FIFÍS VS. CHAIROS ?; THIS IS THE HISTORY CLASS
The fifth-semester program of the disciplinary field of Social Sciences deals with the social and economic phenomena that have occurred in Mexico and in the world from the second half of the 20th century to date, for which it reaches the discussion of fifís against chairos.
- The subject is organized into 3 Curricular Learning Units (UAC ), which are thematic and follow a chronological order.
- In unit II it raises the topic Social equality with the following objective:
- The students will explain the socioeconomic conditions that developed in the last decades of the 20th century in Mexico: the creation of FOBAPROA, the armed uprising of the EZLN, and the economic circumstances by region that led to inequality and exclusion of the population.
- It raises the following situation in a context that high school teachers have indicated as “indoctrination” that appears in the History Program and is apparently repeated in the high school textbook and says:
The Secretary of Education of Puebla, Melitón Lozano Pérez, defended the use of the terms “fifís” and “chairos” in textbooks, to explain “social equality” to high school students.
The official said that those words are not included in free texts, but in one that was prepared by a private publisher, but the fragment as such stands out on the official page of the state’s Secretary of Education.
On page 24 of the Social Sciences Program, Socioeconomic History of Mexico, for the fifth semester of high school, a situation appears “in context” to understand “social equality”, and talks about the impact that “the fifí march” had for a public transport driver and for domestic workers who were forced by their employers to carry banners.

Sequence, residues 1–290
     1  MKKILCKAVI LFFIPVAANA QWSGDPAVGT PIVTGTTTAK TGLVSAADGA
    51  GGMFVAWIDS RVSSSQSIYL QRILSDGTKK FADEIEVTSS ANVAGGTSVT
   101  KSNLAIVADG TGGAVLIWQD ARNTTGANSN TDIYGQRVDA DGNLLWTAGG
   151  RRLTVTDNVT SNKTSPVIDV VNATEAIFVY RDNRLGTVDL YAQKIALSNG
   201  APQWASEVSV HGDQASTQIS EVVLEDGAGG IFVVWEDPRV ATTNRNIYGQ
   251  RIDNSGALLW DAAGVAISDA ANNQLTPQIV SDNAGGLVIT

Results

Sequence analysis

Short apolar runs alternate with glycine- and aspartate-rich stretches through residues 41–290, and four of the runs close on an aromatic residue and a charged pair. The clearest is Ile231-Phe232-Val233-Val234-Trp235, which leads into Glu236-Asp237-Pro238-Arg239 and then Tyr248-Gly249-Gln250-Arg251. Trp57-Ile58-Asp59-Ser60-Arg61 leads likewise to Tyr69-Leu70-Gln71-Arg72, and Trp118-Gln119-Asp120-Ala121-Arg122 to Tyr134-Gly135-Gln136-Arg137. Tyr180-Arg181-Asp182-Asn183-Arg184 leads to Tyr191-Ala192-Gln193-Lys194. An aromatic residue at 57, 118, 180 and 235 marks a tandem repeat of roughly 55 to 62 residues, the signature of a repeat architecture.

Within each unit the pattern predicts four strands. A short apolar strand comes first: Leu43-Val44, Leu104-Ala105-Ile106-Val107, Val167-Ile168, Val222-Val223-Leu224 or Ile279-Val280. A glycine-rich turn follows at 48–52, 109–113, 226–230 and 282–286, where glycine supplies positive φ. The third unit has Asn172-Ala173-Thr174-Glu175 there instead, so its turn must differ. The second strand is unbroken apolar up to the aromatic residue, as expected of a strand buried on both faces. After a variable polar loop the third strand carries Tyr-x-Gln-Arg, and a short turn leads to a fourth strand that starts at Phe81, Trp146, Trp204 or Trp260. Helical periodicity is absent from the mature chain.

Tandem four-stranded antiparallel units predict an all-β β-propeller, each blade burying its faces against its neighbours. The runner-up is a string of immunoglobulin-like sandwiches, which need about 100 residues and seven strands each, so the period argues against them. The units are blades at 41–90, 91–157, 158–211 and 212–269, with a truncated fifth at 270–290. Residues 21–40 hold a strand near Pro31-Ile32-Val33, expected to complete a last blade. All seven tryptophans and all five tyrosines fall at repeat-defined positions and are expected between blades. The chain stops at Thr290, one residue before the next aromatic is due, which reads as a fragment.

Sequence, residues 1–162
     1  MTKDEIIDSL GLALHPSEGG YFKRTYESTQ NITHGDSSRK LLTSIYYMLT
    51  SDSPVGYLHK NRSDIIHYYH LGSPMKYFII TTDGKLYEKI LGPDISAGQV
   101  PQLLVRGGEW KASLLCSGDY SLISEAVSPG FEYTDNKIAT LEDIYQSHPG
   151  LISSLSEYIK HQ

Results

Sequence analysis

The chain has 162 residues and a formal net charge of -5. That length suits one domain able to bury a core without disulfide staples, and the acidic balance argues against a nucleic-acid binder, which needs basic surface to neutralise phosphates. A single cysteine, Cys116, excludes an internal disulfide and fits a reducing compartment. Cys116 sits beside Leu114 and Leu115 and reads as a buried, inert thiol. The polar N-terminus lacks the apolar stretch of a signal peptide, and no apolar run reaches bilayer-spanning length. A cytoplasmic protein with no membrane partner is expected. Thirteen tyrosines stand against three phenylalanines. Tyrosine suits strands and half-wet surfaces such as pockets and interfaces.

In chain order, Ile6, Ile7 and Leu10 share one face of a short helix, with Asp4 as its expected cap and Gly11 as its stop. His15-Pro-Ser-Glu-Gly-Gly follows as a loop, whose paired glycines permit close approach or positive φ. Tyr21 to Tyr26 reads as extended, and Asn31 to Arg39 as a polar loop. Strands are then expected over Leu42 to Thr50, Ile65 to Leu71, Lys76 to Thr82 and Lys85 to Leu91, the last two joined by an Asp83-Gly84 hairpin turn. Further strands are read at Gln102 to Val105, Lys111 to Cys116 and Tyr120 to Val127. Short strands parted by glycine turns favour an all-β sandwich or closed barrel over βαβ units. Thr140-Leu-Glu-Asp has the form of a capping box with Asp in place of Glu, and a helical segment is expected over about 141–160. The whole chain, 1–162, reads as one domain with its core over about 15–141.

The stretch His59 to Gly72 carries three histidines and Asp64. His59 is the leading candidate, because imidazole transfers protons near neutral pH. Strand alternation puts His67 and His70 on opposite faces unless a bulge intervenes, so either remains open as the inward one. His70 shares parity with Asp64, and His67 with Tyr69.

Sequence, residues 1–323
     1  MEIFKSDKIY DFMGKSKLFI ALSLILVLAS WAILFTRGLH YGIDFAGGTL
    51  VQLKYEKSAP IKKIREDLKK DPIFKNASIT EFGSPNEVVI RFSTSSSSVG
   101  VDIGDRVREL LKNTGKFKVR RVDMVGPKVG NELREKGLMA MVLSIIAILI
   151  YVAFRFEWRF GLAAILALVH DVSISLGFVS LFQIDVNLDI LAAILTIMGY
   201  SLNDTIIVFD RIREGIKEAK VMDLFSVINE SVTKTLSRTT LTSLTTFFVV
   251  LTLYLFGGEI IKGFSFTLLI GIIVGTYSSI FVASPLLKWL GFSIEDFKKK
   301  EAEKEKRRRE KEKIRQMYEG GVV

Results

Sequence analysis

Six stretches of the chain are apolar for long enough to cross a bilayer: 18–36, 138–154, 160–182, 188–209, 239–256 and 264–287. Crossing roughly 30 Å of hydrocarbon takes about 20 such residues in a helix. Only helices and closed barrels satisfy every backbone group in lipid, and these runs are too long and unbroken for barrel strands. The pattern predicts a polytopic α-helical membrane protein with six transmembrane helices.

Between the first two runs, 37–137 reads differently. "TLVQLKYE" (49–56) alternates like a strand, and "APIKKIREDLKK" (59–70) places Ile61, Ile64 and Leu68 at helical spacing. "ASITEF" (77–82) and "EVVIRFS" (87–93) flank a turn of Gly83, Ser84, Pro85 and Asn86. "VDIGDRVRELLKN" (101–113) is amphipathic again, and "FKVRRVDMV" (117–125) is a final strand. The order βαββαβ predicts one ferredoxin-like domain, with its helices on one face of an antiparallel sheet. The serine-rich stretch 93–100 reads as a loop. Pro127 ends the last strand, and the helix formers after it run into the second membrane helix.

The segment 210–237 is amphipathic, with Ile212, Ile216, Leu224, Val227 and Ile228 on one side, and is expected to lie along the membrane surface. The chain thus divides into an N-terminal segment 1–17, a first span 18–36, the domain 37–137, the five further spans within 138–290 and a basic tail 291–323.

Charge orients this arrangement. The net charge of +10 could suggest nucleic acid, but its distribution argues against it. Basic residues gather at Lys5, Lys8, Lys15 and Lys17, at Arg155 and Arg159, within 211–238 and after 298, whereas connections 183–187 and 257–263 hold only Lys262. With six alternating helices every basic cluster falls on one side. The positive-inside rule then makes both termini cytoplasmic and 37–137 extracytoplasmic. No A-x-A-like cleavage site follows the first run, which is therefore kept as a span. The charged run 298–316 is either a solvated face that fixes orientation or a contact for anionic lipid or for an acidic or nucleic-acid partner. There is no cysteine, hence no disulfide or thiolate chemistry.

The controversial exercise is as follows: “I was having dinner and watching my ‘face’ when my father, who is a public transport driver, told us that the traffic during his shift of the day was terrible because of“ the famous Fifi march ”and it was very exhausting, since the bus used a lot of gasoline and there were few users, getting very little financially that day, and since he had to pay the house bill, electricity, telephone, and other bills because he will hardly be able to afford it.
“I kept seeing my face and mainly the memes of the march that made me laugh a lot, but my mother who gets angry and scolds me because some of her friends who are domestic workers carried the banners of their employers and said: What would you have? Because if you refuse, they don’t pay you for the day.
“Now I already have many doubts. Why are they marching? Why Fifís and Chairos? What are the characteristics of the Fifís and the Chairos? Which of these groups do I belong to? When I work, will I pay my bills? What economic and social contradictions does the country have? Why are there so many inequalities in the country? Who has done something to avoid this inequality?
Lozano rejected that with the use of the terms “fifí” and “chairos” an indoctrination towards young people is sought; on the contrary, he said, it is intended to generate critical positions among students with “real” situations, which lead them “to reflection.”
He affirmed that these expressions are linked to the reality that young people live, and rejected that judgments of truth or value are made around them. Rather, it makes use of “current tools” for teaching, he added.
For his part, the senator for Veracruz Julen Rementería del Puerto published a message on his social networks where he accuses the government of Puebla of being “indoctrinating” young people through schools and their study programs.
“Srio. @emoctezumab I demand that you respect the law and punish those responsible, ”he claimed.
Other users of social networks considered that the use of these qualifiers in a textbook approved by the Secretary of Education of Puebla for the baccalaureate degree generates division and resentment among Mexicans.